I mentioned in my review but this book was not for me. It was a struggle to even finish it. Let me know if you had a different opinion!
The day of her wedding, 17 year old Ada’s life looks good; she loves her husband, and she loves working as an apprentice to her mother, a respected midwife. But after a year of marriage and no pregnancy, in a town where barren women are routinely hanged as witches, her survival depends on leaving behind everything she knows.
She joins up with the notorious Hole in the Wall Gang, a band of outlaws led by a preacher-turned-robber known to all as the Kid. Charismatic, grandiose, and mercurial, the Kid is determined to create a safe haven for outcast women. But to make this dream a reality, the Gang hatches a treacherous plan that may get them all killed. And Ada must decide whether she’s willing to risk her life for the possibility of a new kind of future for them all.
Featuring an irresistibly no-nonsense, courageous, and determined heroine, Outlawed dusts off the myth of the old West and reignites the glimmering promise of the frontier with an entirely new set of feminist stakes. Anna North has crafted a pulse-racing, page-turning saga about the search for hope in the wake of death, and for truth in a climate of small-mindedness and fear.
Book Club Questions for Outlawed
- What did you think about this alternate history take of the Wild West and the U.S.?
- A devastating flu sweeps the country, which kills many people but also makes so many people infertile. Why do you think the author went with that story choice?
- What does it say about the society created in this novel where the women who couldn’t have children were either killed or outcast from their homes? Why is the blame always on the women?
- Let’s say a flu had a similar impact (causing infertility) to our currently reality—how do you think our own society would react?
- Why did Ada decide she wanted to join with the Hole in the Wall Gang? What would you have done if you were Ada?
- She experiences quite a few missteps but when did she start to finally find her place among the outlaws?
- What did you think about the mysterious Kid? Did you want to know more about this character?
- Each of the women in the gang, and also Lark, have been wounded in many ways—cast out of society for being who they are. Did you see parallels to their treatment in the book to that of the LGBTQ community?
- Let’s talk about Kid’s ideal world to create a safe haven for women.
- What did you think about the ending? What’s next for Ada?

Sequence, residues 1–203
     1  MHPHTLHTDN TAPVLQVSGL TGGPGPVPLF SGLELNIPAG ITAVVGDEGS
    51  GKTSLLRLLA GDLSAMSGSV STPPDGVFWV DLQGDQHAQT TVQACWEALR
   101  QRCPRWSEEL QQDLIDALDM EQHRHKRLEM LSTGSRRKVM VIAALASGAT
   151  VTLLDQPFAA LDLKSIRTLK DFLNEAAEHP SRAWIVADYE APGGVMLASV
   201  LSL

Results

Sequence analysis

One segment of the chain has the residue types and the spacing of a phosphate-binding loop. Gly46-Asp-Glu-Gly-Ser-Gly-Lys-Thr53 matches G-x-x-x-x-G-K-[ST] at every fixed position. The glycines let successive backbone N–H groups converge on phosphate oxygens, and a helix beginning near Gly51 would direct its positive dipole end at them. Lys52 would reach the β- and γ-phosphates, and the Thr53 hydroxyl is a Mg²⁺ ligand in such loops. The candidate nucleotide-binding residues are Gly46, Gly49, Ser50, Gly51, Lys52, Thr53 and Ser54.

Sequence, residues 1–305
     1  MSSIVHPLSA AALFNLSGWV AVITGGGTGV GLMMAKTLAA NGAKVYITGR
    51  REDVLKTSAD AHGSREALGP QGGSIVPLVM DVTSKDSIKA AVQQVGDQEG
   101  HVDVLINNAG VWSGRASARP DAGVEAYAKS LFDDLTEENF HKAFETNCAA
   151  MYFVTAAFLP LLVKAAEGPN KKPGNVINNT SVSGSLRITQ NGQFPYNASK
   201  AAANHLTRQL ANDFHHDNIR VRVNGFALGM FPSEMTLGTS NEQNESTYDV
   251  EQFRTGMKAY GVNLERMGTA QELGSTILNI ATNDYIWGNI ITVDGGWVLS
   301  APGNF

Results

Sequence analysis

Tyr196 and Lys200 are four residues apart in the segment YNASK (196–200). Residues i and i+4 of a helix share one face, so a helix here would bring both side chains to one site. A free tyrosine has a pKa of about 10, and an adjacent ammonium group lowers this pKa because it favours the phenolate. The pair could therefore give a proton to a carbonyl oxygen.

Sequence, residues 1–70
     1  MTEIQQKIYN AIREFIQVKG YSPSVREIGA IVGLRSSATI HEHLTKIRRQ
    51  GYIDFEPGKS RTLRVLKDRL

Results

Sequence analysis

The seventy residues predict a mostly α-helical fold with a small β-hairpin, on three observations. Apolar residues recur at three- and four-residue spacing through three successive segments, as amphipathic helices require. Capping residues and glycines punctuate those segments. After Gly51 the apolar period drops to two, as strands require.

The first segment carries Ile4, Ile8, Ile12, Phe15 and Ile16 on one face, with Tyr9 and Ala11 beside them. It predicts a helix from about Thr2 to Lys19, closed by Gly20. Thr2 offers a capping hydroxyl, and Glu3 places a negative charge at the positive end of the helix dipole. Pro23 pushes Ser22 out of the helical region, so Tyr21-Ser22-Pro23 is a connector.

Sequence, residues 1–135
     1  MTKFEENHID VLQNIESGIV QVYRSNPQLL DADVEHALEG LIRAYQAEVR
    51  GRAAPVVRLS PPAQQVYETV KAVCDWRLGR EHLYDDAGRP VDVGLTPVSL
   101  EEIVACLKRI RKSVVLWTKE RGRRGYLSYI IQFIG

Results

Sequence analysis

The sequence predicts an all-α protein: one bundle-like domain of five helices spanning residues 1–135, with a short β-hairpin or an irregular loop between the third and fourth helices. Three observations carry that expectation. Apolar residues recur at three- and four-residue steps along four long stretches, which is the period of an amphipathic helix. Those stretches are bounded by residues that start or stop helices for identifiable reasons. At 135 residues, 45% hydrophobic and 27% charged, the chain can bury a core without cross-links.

- Would you read a sequel to this story?
Hope you enjoyed book club questions for Outlawed! Here are two more Reese’s Book Club picks with links to book club questions.
The Giver of Stars by Jojo Moyes
If you’re looking for another Western type story, be sure to check out The Giver of Stars by Jojo Moyes.
Alice Wright marries handsome American Bennett Van Cleve, hoping to escape her stifling life in England. But small-town Kentucky quickly proves equally claustrophobic, especially living alongside her overbearing father-in-law. So when a call goes out for a team of women to deliver books as part of Eleanor Roosevelt’s new traveling library, Alice signs on enthusiastically.
The leader, and soon Alice’s greatest ally, is Margery, a smart-talking, self-sufficient woman who’s never asked a man’s permission for anything. They will be joined by three other singular women who become known as the Packhorse Librarians of Kentucky.
What happens to them–and to the men they love–becomes an unforgettable drama of loyalty, justice, humanity, and passion. These heroic women refuse to be cowed by men or by convention. And though they face all kinds of dangers in a landscape that is at times breathtakingly beautiful, at others brutal, they’re committed to their job: bringing books to people who have never had any, arming them with facts that will change their lives.
Based on a true story rooted in America’s past, The Giver of Stars is unparalleled in its scope and epic in its storytelling. Funny, heartbreaking, enthralling, it is destined to become a modern classic–a richly rewarding novel of women’s friendship, of true love, and of what happens when we reach beyond our grasp for the great beyond.
The Chicken Sisters by KJ Dell’Antonia
If you’re looking for something a little lighter, The Chicken Sisters by KJ Dell’Antonia is a good choice.
In tiny Merinac, Kansas, Chicken Mimi’s and Chicken Frannie’s have spent a century vying to serve up the best fried chicken in the state–and the legendary feud between their respective owners, the Moores and the Pogociellos, has lasted just as long. No one feels the impact more than thirty-five-year-old widow Amanda Moore, who grew up working for her mom at Mimi’s before scandalously marrying Frank Pogociello and changing sides to work at Frannie’s. Tired of being caught in the middle, Amanda sends an SOS to Food Wars, the reality TV restaurant competition that promises $100,000 to the winner. But in doing so, she launches both families out of the frying pan and directly into the fire. . .
The last thing Brooklyn-based organizational guru Mae Moore, Amanda’s sister, wants is to go home to Kansas. But when her career implodes, helping the fading Mimi’s look good on Food Wars becomes Mae’s best chance to reclaim the limelight–even if doing so pits her against Amanda and Frannie’s. Yet when family secrets become public knowledge, the sisters must choose: Will they fight with each other, or for their heritage?